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Tax credits.

I generally agree with Dr. Wilbur Rich's well-detailed recipe ("St. Louis Blues," features, Winter 2008) for legislative failure regarding the 2005 and 2006 tax credit proposals in Missouri. Like any good connoisseur of school politics, Rich pays close attention to inputs and outcomes. In his article, race, partisanship, and cartel politics represent the major ingredients in this recipe. As Rich adopted "the blues" as a working metaphor to explain the defeat of tax credit bills in Missouri, I have chosen "soul food" as the metaphor for my response.

Soul food is only as good as the cook and the ingredients used in its preparation. Too many cooks in the kitchen contributed to the failure of the tax credit proposals. Republican Jane Cunningham and black state representatives Ted Hoskins and Rodney Hubbard, both Democrats, were the original cooks. Missouri Democrats watered down the tax credit bills with "killer amendments," while the state teachers union and the AFL-CIO added extra helpings of sour cream and vinegar. By the time this motley crew turned off the stove, the tax credit bill had lost its flavor and its soul.

Taste determines the authenticity of soul food. In the Missouri legislative battle, no matter how many times the sponsors called their bill a tax credit, opponents convinced diners that the bills smelled like, and had the consistency of, "school vouchers." Because of the opponents' successful this-bill-will-leave-a-bad-taste-in-your-mouth campaign, few people had the stomach to support it.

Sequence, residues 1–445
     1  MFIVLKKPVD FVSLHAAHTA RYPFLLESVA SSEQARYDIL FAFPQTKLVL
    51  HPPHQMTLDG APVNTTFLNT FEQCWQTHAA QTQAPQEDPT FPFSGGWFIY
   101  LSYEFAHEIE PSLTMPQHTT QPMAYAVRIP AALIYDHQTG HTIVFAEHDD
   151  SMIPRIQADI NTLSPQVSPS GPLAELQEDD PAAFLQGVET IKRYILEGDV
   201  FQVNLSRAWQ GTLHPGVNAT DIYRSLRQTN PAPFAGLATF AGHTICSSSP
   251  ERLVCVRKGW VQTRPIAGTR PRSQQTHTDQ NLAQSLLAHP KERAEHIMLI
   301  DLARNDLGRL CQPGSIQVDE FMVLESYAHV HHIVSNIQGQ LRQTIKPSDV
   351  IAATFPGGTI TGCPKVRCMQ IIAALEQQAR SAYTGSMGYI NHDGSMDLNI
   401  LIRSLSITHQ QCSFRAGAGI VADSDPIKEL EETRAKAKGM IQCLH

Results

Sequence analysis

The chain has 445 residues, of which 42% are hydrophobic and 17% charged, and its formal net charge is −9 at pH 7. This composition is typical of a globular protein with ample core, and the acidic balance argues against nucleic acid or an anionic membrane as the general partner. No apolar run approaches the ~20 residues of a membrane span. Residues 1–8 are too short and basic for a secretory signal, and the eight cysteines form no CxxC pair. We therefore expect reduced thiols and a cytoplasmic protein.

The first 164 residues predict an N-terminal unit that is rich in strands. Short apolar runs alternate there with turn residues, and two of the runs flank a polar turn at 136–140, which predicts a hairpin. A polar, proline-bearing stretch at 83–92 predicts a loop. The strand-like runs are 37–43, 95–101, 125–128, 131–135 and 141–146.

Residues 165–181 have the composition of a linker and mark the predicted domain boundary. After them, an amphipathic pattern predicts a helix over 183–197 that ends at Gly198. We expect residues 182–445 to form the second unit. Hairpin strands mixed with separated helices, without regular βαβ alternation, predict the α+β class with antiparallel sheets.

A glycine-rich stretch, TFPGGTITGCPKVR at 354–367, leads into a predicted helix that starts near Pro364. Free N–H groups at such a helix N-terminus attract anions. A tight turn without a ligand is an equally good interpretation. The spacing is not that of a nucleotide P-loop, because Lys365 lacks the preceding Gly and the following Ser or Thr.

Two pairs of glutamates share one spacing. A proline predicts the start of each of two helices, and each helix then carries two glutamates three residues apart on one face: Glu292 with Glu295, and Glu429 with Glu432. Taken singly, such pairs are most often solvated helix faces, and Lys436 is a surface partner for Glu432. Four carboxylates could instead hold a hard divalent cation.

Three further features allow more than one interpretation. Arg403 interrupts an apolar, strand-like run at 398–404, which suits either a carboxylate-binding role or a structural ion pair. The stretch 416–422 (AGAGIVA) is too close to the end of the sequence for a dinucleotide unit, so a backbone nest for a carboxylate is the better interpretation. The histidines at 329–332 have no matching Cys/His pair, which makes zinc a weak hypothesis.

Parental choice supporters nationwide should study Rich's recipe before attempting to enact a school reform law. Since I was on the frontline of a similar legislative battle in 2006, I will offer two suggestions: First, cooks and ingredients needed for this battle are not found solely on the Hill; they also must be gathered in the 'hood. Second, soul food cannot exist without intense heat. It is needed to break down ingredients to create a jazzlike harmony of taste. Similarly, parental choice coalitions must bring together a proper blend of ingredients at the right temperature to achieve success in the legislative arena. These ingredients at minimum include an adult-size serving of money, a healthy dose of bipartisanship, and organic community ownership. To win a legislative battle for parental choice, bring the fire next time.

GERARD ROBINSON

President

Black Alliance for Educational Options
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Title Annotation:correspondence
Author:Robinson, Gerard
Publication:Education Next
Article Type:Letter to the editor
Geographic Code:1U4MO
Date:Mar 22, 2008
Words:382
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